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Under the Consumer Credit Act, I can only retain a £5 fee if the mortgage deal does not go through. Does this apply if I call my fee an advice fee?

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  • 10/08/2001
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The Consumer Credit Act 1974 lays down rules for the refund of fees by brokers to customers. These ...

The Consumer Credit Act 1974 lays down rules for the refund of fees by brokers to customers. These say that if, for any reason, an introduction by a broker to a prospective lender does not lead to completion of the mortgage within six months, the broker may not charge the customer more than £5 for their services.

These statutory requirements have recently been underpinned by clear guidance from the Mortgage Code Compliance Board (MCCB) on good practice for the refund of fees. This specifically addressed the definition of the broker’s fee because it has caused confusion. But the board concluded that it is clear that any fees or commission charged by brokers for services in connection with arranging a loan fall within section 155 of the Act, and are, therefore, covered by the refund rules.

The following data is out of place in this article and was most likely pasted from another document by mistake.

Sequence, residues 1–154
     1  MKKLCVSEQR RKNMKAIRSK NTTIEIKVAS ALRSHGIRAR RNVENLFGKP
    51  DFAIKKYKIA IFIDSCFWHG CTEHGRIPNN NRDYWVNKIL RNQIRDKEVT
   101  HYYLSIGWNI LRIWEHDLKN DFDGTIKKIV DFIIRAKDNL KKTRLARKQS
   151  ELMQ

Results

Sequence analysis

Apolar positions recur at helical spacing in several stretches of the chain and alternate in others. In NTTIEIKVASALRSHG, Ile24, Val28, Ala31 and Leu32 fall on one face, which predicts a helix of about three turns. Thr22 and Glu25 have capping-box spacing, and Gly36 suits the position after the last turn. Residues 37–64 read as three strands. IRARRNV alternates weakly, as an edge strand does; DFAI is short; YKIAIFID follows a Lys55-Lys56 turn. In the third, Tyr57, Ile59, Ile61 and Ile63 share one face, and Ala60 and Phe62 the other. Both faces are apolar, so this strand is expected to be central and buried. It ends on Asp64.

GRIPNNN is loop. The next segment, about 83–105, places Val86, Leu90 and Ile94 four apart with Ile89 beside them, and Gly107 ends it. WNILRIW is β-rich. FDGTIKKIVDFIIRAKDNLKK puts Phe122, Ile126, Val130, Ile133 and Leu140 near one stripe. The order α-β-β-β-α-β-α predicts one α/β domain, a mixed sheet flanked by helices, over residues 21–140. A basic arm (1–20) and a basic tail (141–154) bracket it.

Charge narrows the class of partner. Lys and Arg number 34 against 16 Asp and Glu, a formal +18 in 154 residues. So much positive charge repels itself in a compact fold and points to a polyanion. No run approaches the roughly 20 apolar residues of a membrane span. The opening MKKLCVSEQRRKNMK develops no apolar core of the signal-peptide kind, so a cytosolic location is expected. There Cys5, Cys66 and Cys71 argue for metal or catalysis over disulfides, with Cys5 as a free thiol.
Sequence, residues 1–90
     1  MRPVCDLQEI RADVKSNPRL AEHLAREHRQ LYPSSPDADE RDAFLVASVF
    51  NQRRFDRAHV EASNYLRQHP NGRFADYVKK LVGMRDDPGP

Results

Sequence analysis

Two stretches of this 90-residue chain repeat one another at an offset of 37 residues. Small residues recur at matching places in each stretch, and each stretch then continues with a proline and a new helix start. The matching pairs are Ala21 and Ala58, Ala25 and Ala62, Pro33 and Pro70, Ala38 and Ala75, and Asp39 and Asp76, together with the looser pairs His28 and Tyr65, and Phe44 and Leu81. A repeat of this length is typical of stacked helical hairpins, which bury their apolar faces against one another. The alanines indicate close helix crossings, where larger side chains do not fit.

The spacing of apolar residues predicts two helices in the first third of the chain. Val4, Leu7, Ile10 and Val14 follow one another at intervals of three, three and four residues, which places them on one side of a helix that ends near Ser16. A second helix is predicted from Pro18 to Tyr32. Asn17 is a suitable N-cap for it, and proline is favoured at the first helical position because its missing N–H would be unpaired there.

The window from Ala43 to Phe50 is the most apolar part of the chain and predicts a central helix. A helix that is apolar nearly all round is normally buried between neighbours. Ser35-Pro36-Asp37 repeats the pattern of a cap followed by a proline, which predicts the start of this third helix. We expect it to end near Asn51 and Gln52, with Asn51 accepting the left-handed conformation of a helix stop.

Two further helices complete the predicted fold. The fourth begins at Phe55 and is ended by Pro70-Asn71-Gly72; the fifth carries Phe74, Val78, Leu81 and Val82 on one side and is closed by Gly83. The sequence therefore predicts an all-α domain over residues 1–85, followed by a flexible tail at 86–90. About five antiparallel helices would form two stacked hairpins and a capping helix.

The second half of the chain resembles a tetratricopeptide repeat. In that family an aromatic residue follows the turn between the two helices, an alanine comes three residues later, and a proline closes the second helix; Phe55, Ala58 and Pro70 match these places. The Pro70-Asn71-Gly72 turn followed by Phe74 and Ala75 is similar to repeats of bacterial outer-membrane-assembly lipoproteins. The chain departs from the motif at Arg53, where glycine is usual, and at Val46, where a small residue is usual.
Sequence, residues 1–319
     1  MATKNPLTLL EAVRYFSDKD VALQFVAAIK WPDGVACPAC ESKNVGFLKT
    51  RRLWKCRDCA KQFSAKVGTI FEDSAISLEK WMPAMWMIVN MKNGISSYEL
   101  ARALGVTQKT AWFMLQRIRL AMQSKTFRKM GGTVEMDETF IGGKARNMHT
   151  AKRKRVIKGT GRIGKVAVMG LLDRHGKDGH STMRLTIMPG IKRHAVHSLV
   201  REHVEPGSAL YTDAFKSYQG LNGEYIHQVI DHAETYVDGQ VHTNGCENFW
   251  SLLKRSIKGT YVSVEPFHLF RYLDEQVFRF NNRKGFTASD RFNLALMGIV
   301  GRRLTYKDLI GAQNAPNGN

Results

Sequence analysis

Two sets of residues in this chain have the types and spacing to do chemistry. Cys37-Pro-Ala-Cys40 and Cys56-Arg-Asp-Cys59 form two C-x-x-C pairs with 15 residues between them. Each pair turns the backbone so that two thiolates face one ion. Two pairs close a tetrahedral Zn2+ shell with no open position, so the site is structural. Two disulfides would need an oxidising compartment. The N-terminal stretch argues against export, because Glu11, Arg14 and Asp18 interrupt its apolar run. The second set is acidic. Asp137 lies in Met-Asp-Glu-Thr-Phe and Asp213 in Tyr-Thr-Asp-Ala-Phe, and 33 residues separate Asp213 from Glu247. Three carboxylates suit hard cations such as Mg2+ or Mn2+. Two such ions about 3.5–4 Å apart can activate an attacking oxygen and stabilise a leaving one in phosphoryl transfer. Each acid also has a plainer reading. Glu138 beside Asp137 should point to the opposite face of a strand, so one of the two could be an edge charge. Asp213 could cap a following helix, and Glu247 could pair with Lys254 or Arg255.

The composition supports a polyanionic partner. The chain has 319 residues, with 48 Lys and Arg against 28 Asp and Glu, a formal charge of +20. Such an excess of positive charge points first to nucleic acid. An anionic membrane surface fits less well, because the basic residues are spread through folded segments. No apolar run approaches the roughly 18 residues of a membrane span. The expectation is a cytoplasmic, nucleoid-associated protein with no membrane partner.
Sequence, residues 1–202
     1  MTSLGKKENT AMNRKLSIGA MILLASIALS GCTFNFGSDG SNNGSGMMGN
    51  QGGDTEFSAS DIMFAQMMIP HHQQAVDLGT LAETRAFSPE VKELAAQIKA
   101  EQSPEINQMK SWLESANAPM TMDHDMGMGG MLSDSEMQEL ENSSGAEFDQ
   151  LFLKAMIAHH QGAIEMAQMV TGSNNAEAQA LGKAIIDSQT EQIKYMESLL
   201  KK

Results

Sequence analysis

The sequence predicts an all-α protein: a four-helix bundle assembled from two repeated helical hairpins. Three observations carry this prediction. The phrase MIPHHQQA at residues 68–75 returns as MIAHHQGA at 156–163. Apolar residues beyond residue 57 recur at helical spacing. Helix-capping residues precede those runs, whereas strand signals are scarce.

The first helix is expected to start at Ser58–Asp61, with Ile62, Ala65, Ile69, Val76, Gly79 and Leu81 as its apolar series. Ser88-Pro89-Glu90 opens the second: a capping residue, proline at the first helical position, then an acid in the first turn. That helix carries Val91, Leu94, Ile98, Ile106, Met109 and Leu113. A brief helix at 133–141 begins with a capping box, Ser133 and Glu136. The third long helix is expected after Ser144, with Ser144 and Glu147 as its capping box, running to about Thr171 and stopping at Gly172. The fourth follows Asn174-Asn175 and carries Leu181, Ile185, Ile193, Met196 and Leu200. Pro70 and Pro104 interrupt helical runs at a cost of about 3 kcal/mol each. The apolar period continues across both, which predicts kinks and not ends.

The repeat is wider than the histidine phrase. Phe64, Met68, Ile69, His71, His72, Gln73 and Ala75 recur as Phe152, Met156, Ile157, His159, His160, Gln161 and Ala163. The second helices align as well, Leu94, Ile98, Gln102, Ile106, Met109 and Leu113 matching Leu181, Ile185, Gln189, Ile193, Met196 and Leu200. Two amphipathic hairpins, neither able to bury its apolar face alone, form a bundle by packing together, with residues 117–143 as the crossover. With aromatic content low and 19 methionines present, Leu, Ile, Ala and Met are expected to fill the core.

Brokers can make an exception for legitimate disbursements that have been genuinely paid to a third party, for example, valuation fees. These do not have to be returned to the customer.

Refunds continue to be a major issue for customers and were the subject of almost half the complaints to the MCCB’s helpline in 1999/2000. The board says brokers committed to good practice should ensure that fee disclosure is transparent and that documents given to customers do not contain statements about fees being non-refundable where they fall within section 155 of the Act.

The Department of Trade and Industry (DTI) is about to embark on a review of consumer credit legislation, although the extent to which this will cover broker fees is not clear at this stage. The DTI is, however, likely to consult on the scope of the review before work on it begins.

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